Vladivostok: Impressions from Visit
The budget hotel I stayed at first had no hot water. Then, after a hard rain storm, had no running water at all for a day or two. The city’s sloping streets turned into rivers during the rain storm, making it nearly impossible to get to my destination on time.
Aside from a couple of fast-food spots, there were few decent cafes or restaurants. The city infrastructure was old, historical buildings in the center were in poor condition and the boats and ships in the port looked like scrap metal.
Those are some of my memories and impressions when I first visited Vladivostok 13 years ago. In short, it was a mess.
A lot has changed for the better since then.
In addition to the new airport, highway, bridges and airport express train, there is a refurbished historical center with pedestrian streets containing quality bars, restaurants and designer clothing stores.
There is an upgraded seaside promenade and yacht club.
Soviet-era housing and (pre-revolutionary?) damaged wooden homes that scare the hilly landscape are slowly being removed while new, colorful housing districts with parking, shopping malls and sports facilities are being built.
Russian Island has been basically developed from scratch and hosts a huge, modern university campus with bus service for the students. Finally, modern office buildings are starting to appear.
There are still problems ….there are still too many gray Soviet-era buildings and cheap kiosks that ruin the city’s look, a complaint a few locals voiced.
Then there are the abandoned – or barely functioning – Soviet-era factories that sit near the center of town rusting away and occupying great real estate. There is also the traffic in the center of town.
Based on my conversations, there is the lack of interesting, good paying jobs for the many young people finishing university, prompting them to look to other Russian towns or abroad for work.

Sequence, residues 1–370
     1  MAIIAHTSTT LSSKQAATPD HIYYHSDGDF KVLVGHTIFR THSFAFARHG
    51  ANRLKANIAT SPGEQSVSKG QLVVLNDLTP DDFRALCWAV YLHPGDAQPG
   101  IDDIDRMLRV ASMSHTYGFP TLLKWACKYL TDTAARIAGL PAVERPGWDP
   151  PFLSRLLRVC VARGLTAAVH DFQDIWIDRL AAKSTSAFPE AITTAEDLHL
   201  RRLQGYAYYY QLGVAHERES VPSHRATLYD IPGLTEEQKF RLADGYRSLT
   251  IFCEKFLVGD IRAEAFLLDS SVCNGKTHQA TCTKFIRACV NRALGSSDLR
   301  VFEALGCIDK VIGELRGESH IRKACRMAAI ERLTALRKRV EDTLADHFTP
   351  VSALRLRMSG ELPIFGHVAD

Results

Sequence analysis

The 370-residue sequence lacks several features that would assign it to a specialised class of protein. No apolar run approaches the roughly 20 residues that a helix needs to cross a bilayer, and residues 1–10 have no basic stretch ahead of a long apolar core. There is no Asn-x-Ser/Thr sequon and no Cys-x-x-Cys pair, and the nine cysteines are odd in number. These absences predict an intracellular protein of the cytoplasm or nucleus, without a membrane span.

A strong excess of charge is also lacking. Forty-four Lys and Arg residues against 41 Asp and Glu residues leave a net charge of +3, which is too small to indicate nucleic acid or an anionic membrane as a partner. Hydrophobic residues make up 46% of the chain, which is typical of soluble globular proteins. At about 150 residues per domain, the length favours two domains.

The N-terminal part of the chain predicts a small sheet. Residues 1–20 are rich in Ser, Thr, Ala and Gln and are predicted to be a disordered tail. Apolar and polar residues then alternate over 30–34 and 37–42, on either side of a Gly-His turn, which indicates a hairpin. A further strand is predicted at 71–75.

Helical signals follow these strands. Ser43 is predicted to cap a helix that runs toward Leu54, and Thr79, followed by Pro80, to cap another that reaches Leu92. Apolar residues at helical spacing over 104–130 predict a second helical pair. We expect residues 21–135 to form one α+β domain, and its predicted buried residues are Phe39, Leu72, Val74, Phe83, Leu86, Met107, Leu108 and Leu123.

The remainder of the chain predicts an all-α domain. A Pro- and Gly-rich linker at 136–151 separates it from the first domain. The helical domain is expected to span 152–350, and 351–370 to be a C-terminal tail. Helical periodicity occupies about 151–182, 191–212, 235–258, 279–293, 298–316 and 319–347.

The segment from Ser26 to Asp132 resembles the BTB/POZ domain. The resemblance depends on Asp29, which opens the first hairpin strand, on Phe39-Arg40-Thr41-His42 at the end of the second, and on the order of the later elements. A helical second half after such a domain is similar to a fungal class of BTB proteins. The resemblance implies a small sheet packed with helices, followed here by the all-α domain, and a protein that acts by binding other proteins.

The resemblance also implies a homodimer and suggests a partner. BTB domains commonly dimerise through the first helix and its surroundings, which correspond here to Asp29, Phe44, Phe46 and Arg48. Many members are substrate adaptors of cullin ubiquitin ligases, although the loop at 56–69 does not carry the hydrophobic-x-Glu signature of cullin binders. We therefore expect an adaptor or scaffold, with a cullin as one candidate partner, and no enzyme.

Finally, there is the lack of of something a bit more intangible – buzz, lights and energy – that you feel in towns of the neighboring Asian countries. Many Vladivostok natives travel to Asia and several highlighted this missing aspect.
Great Natural Landscape
While Vladivostok has the nature, it won’t attract many foreign tourists – other than out of curiosity – until it can make more progress on modernizing its cityscape and creating more recreational and sporting attractions.
The sharp decline in the ruble value has erased one previous hinderblock for tourism – high prices. More budget-constrained travels can find Soviet-styled, but comfortable, hotel rooms for $30/night.
The 40-minute long taxi ride from the airport costs less than $15 while a taxi ride around the center costs less than $5. Good coffee can be found for $2 a cup at cafes.
If Vladivostok is able to make more progress on the infrastructure and recreational offering – thereby also creating good tourism jobs – it will be able to hold on to its mobile youth, rather than seeing them migrate from the city for Russia’s western towns like St. Petersburg.
What Caught My Eye
I was impressed by the number of 20 year-olds that said they are -or plan on – starting their own businesses. As one 25 year-old man told me, ”there is a trend” of people launching businesses rather than going into secure government jobs.
The new Snow Fall high-rise housing complex that one drives by on their way in to town from the airport is what Vladivostok housing should be like.
Compared with the Soviet-era housing, it has colorful facades and social infrastructure such as a school and sporting complex as well as a shopping mall.
While people have been talking for years about Chinese flooding across the Russian border, there weren’t many to be seen in Vladivostok. Aside from the few at the airport and at the ‘Chinese Market,’ I really didn’t come across any.
On the contrary, I was told that many Chinese are leaving because it is no-longer economically viable for them to sell their goods in Russia after the sharp ruble devaluation.
In fact, Chinese are now buying more Russian products – like milk, meat and chocolate – as it has become quite attractive in price.
I was surprised by the large percentage of Vladivostok youth that are fashionably dressed. The city seemed more in touch with the later fashion trends than many cities of its size – or bigger – in Western Russia.
As one young man pointed out, as a port town located close to foreign countries, Vladivostok has historically been more in touch with the latest trends than most Russian towns.
Vladivostok also has plenty of kiosks standing along the roads that sell hot coffee and sandwiches to drivers looking for a quick bite and drink. Many are called ‘Pit Stop’ for that reason. You don’t find such kiosks in western Russia.
Finally, despite being a town of about 600,000, the city feels more like a town of one million.